What is a consultant mindset? It's a frame of mind, or an approach to the way you work, based on persistent problem-solving and proactive communication. There are four elements to the consultant mindset. We're going to take a look at what they are and how we can bring those to life, so you can start thinking, working and communicating more effectively. With some simple changes in your behaviour, an increased attention to detail, some big thinking and small actions, you'll be bringing more value to your clients in no time.
Being able to communicate effectively is down to 3 things:
Perspective is about understanding your audience; providing context and taking a 360-degree view of the situation.
Self-discipline is a big one. Sometimes what you want to say won’t help you move forward. If you come across as aggressive or communicate in the wrong way, you’re going to need to exercise some control.Also, think of this when timing is important – maybe you don’t yet have the full picture, or you’re adhering to a change management plan. And if you’ve ever written an email three times before sending it, you’ve exercised self-discipline. And potentially avoided a show-down.
Bravery is important for people in project management, particularly when you’re heading into a board meeting. You might have your context and perspective nailed, have a solid understanding of your audience and be totally in control of your message. But you also need to have the courage and confidence to be open and honest when you’re telling the board something they don’t want to hear. Remember that effective communication travels in both directions. The responsibility is on you to make sure that you use your listening skills and interpret things correctly. Listen, observe, build rapport and deal with any barriers that could stop you truly understanding what someone’s saying. Try to come from a fact-based position, leaving no room for argument or misunderstanding. And take responsibility for your emotional wake - what you say, the impact you have, and the effect that will have on someone.
You're likely to come across conflict at some point. And you’ll have to navigate around it. There are a few types – be forewarned and forearmed!
Avoidance is when someone says they’ll do something, but they’ve had some issues with it, so they just don’t come through. Competing is directly aggressive or combative. Distant conflict will often come through via email and not face to face. You might find when you’re collaborating on a project, someone isn’t pulling their weight. That’s going to put you either side of collaborating conflict – it’s passive, but you still need to manage your way through it. And there’s accommodating conflict - there’s clearly disagreement in opinion or about what should be done. While no one puts up a fight, they have no intention of towing the line and may end up undermining what you’re doing. Know what you’re up against and use the tools in your consultant kit bag to break down the barriers, communicate constructively and find a positive way forward.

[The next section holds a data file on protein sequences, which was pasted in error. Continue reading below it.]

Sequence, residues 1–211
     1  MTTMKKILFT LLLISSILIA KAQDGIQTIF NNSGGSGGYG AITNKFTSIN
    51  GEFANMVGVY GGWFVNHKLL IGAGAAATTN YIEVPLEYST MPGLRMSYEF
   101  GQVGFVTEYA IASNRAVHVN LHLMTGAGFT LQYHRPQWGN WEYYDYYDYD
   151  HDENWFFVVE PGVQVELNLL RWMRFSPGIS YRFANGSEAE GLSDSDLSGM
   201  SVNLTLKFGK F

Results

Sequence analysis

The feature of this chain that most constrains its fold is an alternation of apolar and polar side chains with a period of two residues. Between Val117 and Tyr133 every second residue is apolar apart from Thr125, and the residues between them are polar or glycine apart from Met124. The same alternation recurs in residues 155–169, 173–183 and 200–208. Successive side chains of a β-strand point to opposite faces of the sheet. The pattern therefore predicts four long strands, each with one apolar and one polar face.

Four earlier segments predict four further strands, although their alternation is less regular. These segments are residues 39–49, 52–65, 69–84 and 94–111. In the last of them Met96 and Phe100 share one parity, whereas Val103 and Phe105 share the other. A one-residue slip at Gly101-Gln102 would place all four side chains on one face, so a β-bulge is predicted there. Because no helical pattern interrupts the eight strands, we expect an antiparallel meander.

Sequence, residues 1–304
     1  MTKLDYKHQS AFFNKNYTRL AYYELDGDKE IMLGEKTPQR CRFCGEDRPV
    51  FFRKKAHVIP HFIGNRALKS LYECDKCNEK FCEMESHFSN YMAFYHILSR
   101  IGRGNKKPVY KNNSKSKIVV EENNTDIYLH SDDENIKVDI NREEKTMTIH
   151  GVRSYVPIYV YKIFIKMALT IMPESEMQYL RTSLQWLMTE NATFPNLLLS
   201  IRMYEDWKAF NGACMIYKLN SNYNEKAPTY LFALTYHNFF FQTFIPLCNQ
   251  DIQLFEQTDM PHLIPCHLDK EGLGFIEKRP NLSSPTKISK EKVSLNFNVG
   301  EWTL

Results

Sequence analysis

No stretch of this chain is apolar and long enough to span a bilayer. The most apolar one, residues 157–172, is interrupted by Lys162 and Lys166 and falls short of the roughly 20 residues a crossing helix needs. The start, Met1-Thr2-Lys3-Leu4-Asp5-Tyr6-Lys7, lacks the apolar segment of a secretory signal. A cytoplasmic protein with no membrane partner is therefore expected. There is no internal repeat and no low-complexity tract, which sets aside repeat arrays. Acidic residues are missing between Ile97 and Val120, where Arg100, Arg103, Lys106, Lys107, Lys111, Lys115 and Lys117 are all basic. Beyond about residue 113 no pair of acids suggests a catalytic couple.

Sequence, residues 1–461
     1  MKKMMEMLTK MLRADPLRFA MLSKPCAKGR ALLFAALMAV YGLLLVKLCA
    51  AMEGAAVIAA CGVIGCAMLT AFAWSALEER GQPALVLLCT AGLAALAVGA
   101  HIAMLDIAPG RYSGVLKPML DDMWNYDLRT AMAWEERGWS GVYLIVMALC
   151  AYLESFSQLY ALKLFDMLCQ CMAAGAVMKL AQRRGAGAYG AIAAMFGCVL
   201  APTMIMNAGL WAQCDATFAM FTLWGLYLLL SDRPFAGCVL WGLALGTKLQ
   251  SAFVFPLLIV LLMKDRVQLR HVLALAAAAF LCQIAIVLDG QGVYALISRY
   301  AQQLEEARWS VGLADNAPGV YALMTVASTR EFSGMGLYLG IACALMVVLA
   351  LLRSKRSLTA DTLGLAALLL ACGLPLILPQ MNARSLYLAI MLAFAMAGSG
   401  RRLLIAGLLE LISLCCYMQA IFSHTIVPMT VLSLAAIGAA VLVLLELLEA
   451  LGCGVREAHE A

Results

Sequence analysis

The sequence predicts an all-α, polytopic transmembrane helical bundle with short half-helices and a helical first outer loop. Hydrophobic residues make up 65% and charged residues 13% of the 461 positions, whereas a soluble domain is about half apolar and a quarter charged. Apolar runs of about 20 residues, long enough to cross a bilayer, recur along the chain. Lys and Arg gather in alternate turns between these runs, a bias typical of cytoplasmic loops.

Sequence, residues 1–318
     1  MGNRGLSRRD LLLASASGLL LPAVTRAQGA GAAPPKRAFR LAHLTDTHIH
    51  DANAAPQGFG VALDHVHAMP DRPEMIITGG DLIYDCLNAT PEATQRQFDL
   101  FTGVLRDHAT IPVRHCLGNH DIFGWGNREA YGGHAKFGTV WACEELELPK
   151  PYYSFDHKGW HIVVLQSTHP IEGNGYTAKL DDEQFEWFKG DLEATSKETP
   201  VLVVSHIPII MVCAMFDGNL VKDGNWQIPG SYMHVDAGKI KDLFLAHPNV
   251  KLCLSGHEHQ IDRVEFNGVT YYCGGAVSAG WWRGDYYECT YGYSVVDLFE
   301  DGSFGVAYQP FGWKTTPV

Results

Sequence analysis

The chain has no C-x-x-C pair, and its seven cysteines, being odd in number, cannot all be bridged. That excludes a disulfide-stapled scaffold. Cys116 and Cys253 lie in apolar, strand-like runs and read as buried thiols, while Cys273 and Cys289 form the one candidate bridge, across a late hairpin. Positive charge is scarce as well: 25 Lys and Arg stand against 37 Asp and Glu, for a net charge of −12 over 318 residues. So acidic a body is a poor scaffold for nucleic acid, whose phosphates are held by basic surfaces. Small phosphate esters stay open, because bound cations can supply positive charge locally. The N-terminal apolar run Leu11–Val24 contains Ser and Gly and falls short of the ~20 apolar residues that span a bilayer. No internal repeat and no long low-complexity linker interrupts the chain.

This is asking questions, listening actively, approaching your work with curiosity, keeping the big picture in mind and seeking context. One of the ways you can approach this is to zoom in and zoom out. Let’s say you’ve been assigned a task - A to B. Zoom out on day one and see how it fits in the bigger picture of the business, who wants it. Then zoom back into the task and as you work through it, make sure that what you’re doing is aligned. You might find yourself struggling to figure out how something fits. If that’s the case, consider your options for escalation and what you can do if you disagree on the goal. Raise it constructively and try to understand the other side. So start with an open mindset - learn the behaviours of the people around you, understand the cultural norms and get the lay of the land. Engage early and continuously with the client. And do it quickly. The customer wants value from you and a great outcome.